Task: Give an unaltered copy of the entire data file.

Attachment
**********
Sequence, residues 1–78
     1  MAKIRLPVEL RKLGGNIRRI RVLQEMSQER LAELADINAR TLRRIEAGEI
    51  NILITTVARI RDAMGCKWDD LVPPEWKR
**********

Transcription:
Sequence, residues 1–78
     1  MAKIRLPVEL RKLGGNIRRI RVLQEMSQER LAELADINAR TLRRIEAGEI
    51  NILITTVARI RDAMGCKWDD LVPPEWKR